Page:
Habitat will not pursue housing credits in Aspen
The Aspen Times
Habitat for Humanity will not pursue affordable-housing credits as a financing option in its proposal to build Aspen’s first Category 1 units, a member of the organization said Wednesday.
Using an East Cooper Avenue lot that the Aspen-Pitkin County Housing Authority plans to donate, the nonprofit’s local chapter is proposing to replace a dilapidated A-frame structure with a new duplex containing two three-bedroom units. Neither the city nor the county has ever built anything in the lowest income category.
Habitat and the housing authority initially considered seeking three affordable-housing certificates to finance the project, which raised concerns from city officials. Established in 2010, the certificate program offers credits to developers who build beyond affordable-housing requirements. The credits — which the city estimates carry a price tag of as much as $300,000 each — can then be sold to other developers weighing mitigation for their own projects.
When the Aspen City Council discussed the program in September, Community Development Director Chris Bendon took issue with a government entity pursuing housing certificates, given the entity’s role as a housing provider. Though housing authority officials argued that their office was not directly involved, Bendon said anything with the appearance of using public funds to assist private development creates a problem.
“The city doesn’t want us to do that,” said Scott Gilbert, Habitat for Humanity Roaring Fork Valley President, on Wednesday. “They say it wasn’t meant for us, even though technically we could moan and say we deserve those credits. We’re not pursuing credits.”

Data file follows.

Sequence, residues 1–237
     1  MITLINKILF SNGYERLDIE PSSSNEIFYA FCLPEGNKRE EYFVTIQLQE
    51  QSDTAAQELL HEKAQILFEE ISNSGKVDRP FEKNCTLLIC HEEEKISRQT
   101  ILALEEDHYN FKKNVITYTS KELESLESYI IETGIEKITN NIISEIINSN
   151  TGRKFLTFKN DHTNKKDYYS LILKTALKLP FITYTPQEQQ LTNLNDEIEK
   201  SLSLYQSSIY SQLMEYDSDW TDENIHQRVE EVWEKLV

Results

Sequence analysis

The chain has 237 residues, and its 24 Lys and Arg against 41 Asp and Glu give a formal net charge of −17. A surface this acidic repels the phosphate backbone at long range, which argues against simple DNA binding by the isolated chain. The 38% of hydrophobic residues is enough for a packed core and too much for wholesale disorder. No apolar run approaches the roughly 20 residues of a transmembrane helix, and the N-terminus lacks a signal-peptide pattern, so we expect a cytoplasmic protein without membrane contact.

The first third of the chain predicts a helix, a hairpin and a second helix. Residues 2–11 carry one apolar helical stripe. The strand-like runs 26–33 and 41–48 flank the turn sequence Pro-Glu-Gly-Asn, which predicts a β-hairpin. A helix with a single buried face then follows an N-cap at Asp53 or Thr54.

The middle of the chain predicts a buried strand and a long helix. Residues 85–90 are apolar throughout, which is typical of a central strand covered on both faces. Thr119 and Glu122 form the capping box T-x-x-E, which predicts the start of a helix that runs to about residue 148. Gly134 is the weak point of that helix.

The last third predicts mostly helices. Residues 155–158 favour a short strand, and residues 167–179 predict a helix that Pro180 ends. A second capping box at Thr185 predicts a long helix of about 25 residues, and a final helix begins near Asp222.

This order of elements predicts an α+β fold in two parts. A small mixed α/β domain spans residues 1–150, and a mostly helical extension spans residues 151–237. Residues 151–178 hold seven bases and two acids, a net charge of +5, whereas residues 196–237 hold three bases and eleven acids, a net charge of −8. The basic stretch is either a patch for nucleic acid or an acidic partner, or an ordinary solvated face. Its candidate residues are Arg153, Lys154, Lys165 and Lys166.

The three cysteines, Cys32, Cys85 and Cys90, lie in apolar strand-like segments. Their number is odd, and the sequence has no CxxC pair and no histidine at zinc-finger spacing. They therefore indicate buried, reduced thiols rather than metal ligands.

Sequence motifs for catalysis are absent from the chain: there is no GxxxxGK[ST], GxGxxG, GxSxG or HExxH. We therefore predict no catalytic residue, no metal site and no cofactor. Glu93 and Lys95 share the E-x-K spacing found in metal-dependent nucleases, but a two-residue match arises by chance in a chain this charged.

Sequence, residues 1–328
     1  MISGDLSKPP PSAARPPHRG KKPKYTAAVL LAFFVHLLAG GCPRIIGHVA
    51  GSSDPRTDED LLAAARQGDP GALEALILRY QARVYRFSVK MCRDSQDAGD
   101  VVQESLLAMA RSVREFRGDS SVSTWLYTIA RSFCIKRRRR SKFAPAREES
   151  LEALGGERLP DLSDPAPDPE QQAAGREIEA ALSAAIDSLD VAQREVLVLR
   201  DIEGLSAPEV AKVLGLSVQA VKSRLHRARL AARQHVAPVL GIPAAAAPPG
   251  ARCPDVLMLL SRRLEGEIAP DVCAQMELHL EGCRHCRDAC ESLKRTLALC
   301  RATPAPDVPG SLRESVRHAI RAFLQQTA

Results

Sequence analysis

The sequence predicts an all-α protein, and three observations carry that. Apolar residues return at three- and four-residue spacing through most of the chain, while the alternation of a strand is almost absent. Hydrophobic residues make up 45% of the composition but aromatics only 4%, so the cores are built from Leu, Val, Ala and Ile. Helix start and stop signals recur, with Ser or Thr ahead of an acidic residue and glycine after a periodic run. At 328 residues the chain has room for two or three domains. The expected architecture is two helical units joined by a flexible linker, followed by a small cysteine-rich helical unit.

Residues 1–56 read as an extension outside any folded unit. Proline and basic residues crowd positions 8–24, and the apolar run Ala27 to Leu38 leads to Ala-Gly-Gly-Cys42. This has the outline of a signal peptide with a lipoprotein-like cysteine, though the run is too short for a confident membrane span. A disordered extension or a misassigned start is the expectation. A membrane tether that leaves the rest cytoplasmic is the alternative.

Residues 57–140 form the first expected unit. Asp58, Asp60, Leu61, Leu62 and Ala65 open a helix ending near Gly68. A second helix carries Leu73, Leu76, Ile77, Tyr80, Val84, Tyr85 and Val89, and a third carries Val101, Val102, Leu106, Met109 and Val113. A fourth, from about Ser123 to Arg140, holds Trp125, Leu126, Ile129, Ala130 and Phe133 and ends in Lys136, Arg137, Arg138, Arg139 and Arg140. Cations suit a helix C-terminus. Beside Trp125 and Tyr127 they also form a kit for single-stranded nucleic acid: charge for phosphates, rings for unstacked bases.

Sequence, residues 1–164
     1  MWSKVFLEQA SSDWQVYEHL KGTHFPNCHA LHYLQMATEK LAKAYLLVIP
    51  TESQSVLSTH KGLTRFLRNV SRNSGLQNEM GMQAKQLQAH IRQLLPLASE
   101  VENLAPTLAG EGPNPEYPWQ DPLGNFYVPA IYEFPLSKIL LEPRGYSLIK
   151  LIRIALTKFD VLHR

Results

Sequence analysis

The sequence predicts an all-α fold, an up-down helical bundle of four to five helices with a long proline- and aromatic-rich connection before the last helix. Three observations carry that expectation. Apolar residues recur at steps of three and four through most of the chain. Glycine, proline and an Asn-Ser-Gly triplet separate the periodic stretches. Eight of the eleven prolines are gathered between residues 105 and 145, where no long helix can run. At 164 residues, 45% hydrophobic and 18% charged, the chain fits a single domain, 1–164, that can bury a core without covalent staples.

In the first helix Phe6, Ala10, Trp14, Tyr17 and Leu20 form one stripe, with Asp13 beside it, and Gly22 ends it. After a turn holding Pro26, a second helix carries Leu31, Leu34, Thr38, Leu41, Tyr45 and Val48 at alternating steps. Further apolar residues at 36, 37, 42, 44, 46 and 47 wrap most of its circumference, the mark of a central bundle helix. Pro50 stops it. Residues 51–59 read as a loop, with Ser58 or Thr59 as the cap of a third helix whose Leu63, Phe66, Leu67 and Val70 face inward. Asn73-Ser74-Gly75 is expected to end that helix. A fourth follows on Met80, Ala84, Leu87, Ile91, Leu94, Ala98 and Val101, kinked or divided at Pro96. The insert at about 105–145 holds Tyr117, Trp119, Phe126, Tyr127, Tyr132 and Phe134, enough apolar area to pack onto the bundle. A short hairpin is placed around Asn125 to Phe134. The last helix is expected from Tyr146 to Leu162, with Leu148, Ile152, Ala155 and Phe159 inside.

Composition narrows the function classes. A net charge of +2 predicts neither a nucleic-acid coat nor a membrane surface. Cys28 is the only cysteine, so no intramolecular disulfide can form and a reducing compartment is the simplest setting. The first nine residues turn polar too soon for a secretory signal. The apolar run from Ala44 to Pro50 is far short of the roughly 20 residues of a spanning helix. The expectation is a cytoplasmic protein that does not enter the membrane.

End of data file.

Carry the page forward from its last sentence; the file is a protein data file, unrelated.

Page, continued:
Instead, he said the organization will work with the city and Pitkin County on other financing options and fee waivers. Money from the unit sales as well as Habitat fundraising will finance the rest of the estimated $925,000 project, Gilbert said.
Habitat is expecting about $225,000 in pre-construction costs, between building fees and clearing the lot. Gilbert said that for a normal Habitat project, building fees are around $15,000, but the project in Aspen commands about $108,000 in fees. Construction costs are estimated at $700,000.
“This is much higher stakes for us,” he said. “Building in Aspen is like a whole other universe.”
Throughout the process, government officials have agreed that Category 1 housing in Aspen is an exciting prospect. On Wednesday, Pitkin County Manager Jon Peacock said the county is certainly willing to review a proposal.
“The county’s expressed a willingness to sit down and talk about that project and opportunities for us to partner,” Peacock said, adding that he has not received any specific information. “We’re committed to promoting affordable housing here. I think on the surface, the Habitat project looks pretty intriguing, but we just need to understand what the request is and how the funds would be used.”
Assistant City Manager Barry Crook, who has been the point of contact with Habitat, was out of the office Wednesday, and Bendon said he is unsure where the conversation stands.
The housing authority purchased the lot, located at 1230 E. Cooper Ave., for $289,753 in 2009. Habitat is seeking applicants who make less than $57,000 per year per household, and families living in Aspen are preferred. Gilbert said the hope is to break ground in fall 2015 or spring 2016.
As Colorado Parks and Wildlife continues its meetings and process to reintroduce grey wolves back to the Western Slope, the U.S. Fish and Wildlife Service is beginning its process to introduce a 10(j) rule at the request of the state.
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